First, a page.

How is Dramatic Play Different in Children of Different Ages?
Serena’s brother Stanley is two and a half years old. His favorite place to play is the sandbox. He spends long periods of time peacefully pouring, sifting and digging in the sand. Recently he has begun to imitate a large construction machine that has been used in a road- widening project near Mrs. Conklin’s house. Stanley’s play begins when he assumes a position on all fours in the sandbox. Stanley uses his right arm and hand as a slow-moving, rhythmical shovel. As he digs he makes noises that are uncannily like those made by the machine he has observed. Occasionally he sits back on his heels and wipes the back of his hand across his brow. Mrs. Conklin tries to offer him a drink of water at these "breaks" and to inquire about the progress of the work. In this way Stanley learns that his efforts are important and worthy of respect.
While Stanley digs, two four year olds in another part of the yard are engaging in yet another form of dramatic play. After arranging some small plastic dolls in a shoe box one says to the other "No honey. I’ll drive the children to the doctor. You have to go to work now!" and she drives the shoe box car across the lawn.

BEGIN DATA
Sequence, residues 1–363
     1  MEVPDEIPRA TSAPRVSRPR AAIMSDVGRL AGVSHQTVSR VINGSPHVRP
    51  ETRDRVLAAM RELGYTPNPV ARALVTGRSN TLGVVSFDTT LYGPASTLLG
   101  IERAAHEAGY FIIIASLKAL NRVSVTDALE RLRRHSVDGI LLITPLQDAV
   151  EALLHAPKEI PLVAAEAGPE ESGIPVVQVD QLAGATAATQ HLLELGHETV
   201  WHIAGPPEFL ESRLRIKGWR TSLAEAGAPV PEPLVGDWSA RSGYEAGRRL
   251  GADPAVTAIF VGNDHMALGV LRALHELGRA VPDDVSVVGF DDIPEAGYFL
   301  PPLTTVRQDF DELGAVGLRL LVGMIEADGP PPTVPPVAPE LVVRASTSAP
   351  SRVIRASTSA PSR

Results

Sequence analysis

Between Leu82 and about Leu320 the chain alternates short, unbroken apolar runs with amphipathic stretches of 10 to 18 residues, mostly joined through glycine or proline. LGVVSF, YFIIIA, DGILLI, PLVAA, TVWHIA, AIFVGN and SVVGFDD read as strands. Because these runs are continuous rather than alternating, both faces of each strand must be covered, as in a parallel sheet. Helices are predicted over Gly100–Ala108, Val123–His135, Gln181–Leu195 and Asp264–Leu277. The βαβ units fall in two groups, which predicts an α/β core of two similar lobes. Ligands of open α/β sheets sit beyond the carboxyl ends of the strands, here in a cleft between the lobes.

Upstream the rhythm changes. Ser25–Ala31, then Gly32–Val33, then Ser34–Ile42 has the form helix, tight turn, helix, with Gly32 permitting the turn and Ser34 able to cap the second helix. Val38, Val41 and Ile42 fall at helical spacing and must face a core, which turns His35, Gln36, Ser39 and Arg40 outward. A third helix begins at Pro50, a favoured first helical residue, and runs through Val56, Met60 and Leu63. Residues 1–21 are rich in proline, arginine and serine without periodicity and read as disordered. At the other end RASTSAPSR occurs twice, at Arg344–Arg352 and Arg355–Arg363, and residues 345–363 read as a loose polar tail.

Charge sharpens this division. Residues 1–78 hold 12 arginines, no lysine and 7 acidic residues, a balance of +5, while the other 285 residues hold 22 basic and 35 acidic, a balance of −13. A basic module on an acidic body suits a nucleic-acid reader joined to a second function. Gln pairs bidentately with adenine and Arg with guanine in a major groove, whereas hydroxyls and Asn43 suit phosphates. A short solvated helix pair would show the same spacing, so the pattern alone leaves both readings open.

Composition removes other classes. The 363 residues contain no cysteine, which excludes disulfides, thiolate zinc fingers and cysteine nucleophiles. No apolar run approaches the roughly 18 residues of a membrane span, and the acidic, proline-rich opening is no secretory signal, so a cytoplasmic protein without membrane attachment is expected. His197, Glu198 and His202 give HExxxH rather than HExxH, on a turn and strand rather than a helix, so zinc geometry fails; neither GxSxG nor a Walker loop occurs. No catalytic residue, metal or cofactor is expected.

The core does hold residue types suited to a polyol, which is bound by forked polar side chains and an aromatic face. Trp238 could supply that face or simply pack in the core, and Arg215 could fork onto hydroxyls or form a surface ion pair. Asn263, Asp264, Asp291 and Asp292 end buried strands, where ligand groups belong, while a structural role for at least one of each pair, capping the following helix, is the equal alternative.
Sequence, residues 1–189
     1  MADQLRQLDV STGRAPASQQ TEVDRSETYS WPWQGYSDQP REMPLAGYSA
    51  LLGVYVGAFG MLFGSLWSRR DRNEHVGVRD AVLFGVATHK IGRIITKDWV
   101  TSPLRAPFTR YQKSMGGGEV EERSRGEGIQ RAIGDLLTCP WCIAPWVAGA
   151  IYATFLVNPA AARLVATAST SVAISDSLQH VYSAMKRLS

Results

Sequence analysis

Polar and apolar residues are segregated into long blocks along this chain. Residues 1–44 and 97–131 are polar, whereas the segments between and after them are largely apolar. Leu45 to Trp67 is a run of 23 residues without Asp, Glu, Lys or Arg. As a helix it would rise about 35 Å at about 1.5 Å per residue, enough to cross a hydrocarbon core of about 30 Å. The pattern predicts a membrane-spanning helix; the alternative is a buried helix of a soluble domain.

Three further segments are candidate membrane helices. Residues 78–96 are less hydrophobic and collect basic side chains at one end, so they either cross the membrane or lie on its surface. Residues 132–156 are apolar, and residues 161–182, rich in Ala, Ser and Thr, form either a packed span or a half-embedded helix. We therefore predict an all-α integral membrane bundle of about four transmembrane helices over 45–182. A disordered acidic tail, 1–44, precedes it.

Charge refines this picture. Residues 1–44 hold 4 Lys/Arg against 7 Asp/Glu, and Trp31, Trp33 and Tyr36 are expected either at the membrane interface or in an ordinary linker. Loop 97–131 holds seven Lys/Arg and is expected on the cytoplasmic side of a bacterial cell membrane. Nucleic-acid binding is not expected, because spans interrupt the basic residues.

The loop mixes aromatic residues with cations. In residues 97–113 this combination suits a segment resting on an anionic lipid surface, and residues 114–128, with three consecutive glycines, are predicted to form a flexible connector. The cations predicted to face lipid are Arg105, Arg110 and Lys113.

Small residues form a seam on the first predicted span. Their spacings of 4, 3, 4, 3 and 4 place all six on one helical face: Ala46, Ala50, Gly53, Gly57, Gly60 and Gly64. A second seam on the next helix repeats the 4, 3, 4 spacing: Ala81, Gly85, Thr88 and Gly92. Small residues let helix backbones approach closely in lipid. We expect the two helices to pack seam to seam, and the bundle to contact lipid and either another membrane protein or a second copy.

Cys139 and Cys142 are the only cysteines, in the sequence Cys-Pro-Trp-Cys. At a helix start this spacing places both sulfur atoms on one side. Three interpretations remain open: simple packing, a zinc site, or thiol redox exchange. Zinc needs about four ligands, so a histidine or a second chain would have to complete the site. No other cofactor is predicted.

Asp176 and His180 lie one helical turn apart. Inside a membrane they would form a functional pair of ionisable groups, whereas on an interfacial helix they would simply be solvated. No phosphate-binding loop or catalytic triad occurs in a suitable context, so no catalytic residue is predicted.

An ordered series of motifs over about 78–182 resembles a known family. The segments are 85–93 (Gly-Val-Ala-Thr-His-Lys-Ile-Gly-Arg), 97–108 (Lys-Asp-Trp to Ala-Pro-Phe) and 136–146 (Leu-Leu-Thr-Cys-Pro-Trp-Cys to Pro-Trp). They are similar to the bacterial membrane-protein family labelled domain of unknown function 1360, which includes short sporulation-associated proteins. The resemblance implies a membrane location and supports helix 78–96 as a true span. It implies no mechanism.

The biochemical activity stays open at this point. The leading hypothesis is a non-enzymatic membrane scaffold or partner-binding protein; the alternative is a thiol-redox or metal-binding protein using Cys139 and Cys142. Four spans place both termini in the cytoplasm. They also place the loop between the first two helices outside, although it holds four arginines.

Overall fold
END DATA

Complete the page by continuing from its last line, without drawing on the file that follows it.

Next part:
Mrs. Conklin’s five-year-old son particularly enjoyed a family camping trip over the summer. When he and his six year- old cousin are together they beg Mrs. C. for a tent, which she provides by throwing an old sheet over the picnic table and anchoring the edges with logs. "They take all kinds of things in there to use as sleeping bags, blocks for flashlights, pretend food, and other blocks for "firewood". Sometimes they invite the younger children in for a pretend supper around the campfire. At other times Mrs C. encourages the play by suggesting that she serve snack at the "camp".
Children over the age of five continue to enjoy dramatic play, sometimes inventing elaborate games that continue for days or weeks. They may also use puppets or paper cutouts to enact stories or put on simple plays (which occasionally go on for a longer time than adult audiences might wish!). In their play they become everything from astronauts to ballerinas.
Source: Pennsylvania State University